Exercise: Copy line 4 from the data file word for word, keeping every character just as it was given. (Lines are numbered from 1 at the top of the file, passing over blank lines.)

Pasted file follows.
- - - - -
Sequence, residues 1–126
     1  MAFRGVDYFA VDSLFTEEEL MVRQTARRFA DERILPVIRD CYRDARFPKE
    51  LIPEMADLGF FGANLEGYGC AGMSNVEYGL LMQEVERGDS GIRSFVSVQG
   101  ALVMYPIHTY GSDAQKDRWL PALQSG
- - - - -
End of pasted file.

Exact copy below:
   101  ALVMYPIHTY GSDAQKDRWL PALQSG